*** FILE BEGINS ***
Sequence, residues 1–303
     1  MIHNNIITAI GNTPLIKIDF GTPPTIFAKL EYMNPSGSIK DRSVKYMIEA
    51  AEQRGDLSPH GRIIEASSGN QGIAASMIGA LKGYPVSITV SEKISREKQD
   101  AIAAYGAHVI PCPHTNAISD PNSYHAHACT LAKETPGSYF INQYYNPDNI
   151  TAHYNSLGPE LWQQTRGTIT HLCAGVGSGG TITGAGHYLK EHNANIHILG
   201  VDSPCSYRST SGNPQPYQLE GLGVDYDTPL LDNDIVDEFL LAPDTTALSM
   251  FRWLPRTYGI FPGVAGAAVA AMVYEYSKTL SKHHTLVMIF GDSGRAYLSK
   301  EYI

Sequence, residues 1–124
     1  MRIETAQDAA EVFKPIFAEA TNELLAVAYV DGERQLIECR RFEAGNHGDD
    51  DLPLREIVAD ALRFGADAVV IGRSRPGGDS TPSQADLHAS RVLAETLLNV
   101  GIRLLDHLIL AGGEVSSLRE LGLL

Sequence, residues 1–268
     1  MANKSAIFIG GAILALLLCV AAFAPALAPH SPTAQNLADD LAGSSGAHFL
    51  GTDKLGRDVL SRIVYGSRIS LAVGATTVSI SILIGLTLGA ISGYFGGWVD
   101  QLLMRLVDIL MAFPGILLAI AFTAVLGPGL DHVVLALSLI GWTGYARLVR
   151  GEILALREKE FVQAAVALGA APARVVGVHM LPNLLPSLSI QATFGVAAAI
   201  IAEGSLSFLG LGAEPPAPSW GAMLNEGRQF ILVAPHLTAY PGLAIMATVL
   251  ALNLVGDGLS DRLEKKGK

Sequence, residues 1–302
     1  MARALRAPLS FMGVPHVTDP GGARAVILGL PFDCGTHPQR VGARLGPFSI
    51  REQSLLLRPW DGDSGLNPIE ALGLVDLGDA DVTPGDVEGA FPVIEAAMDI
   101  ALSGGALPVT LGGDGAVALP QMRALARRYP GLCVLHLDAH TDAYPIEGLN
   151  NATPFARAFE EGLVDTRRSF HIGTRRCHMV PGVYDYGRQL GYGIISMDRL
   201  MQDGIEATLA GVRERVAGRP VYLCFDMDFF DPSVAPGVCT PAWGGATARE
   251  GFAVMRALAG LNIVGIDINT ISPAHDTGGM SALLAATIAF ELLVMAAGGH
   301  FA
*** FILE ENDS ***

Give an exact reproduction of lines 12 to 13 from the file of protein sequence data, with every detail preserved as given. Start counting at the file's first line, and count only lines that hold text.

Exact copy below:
   101  GIRLLDHLIL AGGEVSSLRE LGLL

Sequence, residues 1–268